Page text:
The series has the following pattern: that is, the formula for the sum to n terms of the m powers of the natural numbers is:
bernoulliFormula.gif [3.1]

While Bernoulli used slightly different notation, he effectively deduced the above series by observing the sums of the powers.

Where the B's are the Bernoulli Numbers, r is the term (0, 1, 2...). Because the odd terms (except 1) vanish, I have not written odd number terms, such as term 3 with B3 (which is 0).
There are some observations about this formula:

We can immediately find some Bernoulli Numbers by comparing formula 3.1 with series above.

  1. Except for 1, all the other odd number Bernoulli Numbers are 0.
  2. B0=1, because all the series have 1/(m+1) as the coefficient of term0.
  3. B1=-1/2, because in the series above, the term 1 is always 1/2. All the odd terms in the series are negative, but only the term 1 appears (the others vanish), so we could, for summing series make all the signs in the formula positive, and make B1 1/2.  However, we need  B1 to equal -1/2 in, for instance, trigonometry.
  4. B2=1/6
  5. B5=-1/30
  6. B7=1/42

A List of Some Bernoulli Numbers

The following is a short list of Bernoulli Numbers.
B0 B1 B2 B4 B6 B8 B10 B12
1 -1/2 1/6 -1/30 1/42 -1/30 5/66 -691/2730

Perhaps there are two things to notice immediately. The numbers alternate between positive and negative. And B12 looks so odd, it seems unlikely we would find a simple formula to compute them. However, there are a number of recursive formulae, and a relatively easy symbolic (mnemonic) method..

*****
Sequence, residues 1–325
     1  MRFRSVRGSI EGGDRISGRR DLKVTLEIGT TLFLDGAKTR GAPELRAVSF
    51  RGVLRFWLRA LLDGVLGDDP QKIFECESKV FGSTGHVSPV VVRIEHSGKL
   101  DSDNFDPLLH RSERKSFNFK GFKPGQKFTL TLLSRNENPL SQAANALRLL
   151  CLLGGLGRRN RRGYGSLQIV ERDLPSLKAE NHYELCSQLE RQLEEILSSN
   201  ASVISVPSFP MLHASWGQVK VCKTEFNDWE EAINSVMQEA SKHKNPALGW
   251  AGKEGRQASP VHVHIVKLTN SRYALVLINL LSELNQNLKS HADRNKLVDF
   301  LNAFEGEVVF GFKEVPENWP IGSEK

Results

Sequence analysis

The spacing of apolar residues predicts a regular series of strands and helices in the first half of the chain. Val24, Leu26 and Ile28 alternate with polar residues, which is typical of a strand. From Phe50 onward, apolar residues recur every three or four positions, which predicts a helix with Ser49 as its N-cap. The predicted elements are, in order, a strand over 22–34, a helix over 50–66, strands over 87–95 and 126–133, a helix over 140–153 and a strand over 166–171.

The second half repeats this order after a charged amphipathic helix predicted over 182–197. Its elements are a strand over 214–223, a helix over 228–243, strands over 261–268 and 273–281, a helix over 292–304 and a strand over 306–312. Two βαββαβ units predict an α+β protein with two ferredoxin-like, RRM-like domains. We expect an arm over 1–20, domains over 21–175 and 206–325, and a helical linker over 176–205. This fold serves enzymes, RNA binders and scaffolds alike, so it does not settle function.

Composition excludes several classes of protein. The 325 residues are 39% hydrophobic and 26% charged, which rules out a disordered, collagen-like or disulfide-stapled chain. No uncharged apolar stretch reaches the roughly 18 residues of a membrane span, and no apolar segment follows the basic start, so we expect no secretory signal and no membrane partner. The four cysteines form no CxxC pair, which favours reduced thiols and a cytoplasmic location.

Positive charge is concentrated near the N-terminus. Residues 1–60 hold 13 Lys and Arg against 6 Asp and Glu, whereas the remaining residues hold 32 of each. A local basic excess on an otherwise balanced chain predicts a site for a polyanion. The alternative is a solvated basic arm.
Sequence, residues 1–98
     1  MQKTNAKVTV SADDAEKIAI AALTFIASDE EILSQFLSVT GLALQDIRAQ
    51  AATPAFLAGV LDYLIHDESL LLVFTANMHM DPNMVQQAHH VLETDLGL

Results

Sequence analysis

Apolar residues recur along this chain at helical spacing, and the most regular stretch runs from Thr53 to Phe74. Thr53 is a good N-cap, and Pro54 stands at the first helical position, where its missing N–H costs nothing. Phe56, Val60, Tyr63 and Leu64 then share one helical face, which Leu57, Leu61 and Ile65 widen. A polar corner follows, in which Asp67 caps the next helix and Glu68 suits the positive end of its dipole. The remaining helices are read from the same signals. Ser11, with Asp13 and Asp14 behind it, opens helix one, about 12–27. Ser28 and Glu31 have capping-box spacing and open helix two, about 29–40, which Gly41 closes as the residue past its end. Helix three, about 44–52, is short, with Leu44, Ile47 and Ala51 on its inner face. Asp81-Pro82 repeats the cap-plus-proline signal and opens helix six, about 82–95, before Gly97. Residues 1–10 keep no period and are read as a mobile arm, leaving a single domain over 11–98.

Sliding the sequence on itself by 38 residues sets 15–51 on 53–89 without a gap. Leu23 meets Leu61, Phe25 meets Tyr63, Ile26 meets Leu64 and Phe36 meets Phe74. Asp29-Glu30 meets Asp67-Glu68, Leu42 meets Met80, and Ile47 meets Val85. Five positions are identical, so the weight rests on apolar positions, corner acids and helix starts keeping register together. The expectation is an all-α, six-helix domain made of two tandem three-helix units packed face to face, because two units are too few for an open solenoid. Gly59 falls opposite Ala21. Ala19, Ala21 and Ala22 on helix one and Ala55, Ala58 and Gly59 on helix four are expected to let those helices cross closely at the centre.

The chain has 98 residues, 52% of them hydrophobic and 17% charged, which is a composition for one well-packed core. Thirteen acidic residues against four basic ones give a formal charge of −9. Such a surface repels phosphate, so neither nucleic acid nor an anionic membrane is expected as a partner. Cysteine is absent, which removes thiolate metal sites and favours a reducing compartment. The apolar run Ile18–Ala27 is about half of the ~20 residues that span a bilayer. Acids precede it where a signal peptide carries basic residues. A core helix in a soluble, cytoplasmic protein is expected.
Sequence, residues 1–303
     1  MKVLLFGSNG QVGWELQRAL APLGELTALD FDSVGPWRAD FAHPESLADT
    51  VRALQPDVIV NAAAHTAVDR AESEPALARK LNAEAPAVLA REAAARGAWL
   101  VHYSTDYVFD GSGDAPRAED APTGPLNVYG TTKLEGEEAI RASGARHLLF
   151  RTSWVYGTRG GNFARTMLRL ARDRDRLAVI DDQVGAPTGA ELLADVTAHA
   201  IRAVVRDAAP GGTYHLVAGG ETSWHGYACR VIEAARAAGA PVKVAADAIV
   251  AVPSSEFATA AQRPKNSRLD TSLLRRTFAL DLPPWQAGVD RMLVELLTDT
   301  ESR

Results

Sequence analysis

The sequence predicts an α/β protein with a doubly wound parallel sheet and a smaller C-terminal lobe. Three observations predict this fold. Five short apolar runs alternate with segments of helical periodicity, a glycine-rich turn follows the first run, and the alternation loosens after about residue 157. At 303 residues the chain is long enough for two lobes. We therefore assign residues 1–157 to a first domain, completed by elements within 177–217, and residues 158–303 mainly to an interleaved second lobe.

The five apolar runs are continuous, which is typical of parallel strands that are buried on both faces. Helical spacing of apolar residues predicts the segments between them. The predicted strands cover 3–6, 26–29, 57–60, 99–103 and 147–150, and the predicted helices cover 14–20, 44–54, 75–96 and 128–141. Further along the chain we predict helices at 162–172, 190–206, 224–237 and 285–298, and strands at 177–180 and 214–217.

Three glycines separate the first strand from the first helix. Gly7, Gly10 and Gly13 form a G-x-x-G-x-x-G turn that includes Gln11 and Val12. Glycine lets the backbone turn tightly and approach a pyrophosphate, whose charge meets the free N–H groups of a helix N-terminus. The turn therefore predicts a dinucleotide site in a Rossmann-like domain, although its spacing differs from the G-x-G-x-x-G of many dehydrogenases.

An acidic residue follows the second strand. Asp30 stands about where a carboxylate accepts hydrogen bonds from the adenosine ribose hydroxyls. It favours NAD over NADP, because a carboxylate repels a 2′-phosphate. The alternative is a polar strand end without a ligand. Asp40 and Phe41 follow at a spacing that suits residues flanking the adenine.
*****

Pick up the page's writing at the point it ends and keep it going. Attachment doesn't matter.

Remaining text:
Examples of Using Bernoulli's Formula to Find Sums of Powers

Sum 0 Powers

If we set m=0 in the equation:
[3.1, repeated]

We obtain the formula with B0=1, we find:

We expected and found (0+1) terms.
There is no shame in starting off simple!

Sum of Cubes

Let m=3, to find the sum of the cubes. We expect (3+1) terms, with term 3 vanishing, which leaves 3 terms.

Substituting the values for the Bernoulli Numbers: B0=1, B1=(-1/2), and B2=1/6 we get the formula for the sum of the cubes:

We note the sum of the coefficients is 1

Sum of 8th Powers

Let m=8, to find the sum of the 8th powers:

Substituting values for the Bernoulli Numbers:

And computing the values:
We expected 9 terms less term 3, 5 and 7, leaving 6 terms. We expected the sum of the coefficients to equal 1. Both these expectations were met, giving us confidence in our algebra and arithmetic!

Generating Bernoulli Numbers

Mnemonic Trick to Easily Generate Bernoulli Numbers

The following symbolic formula can be used to generate Bernoulli Numbers:

For instance, set n=1, to find B1

Writing the powers of B in the following way, we have:

Or B1=-1/2

Setting n=2, for B2:

Substituting the value for B1, we find:
Giving B2=1/6

We can set n= (-1) to find B0, but n=0 does not work. Apart from this exception, we can use the symbolic/mnemonic formula to compute the Bernoulli Numbers.

Ken Ward's Mathematics Pages

Faster Arithmetic - by Ken Ward

Ken's book is packed with examples and explanations that enable you to discover more than 150 techniques to speed up your arithmetic and increase your understanding of numbers. Paperback and Kindle:
Buy now at
Faster Arithmetic for Adults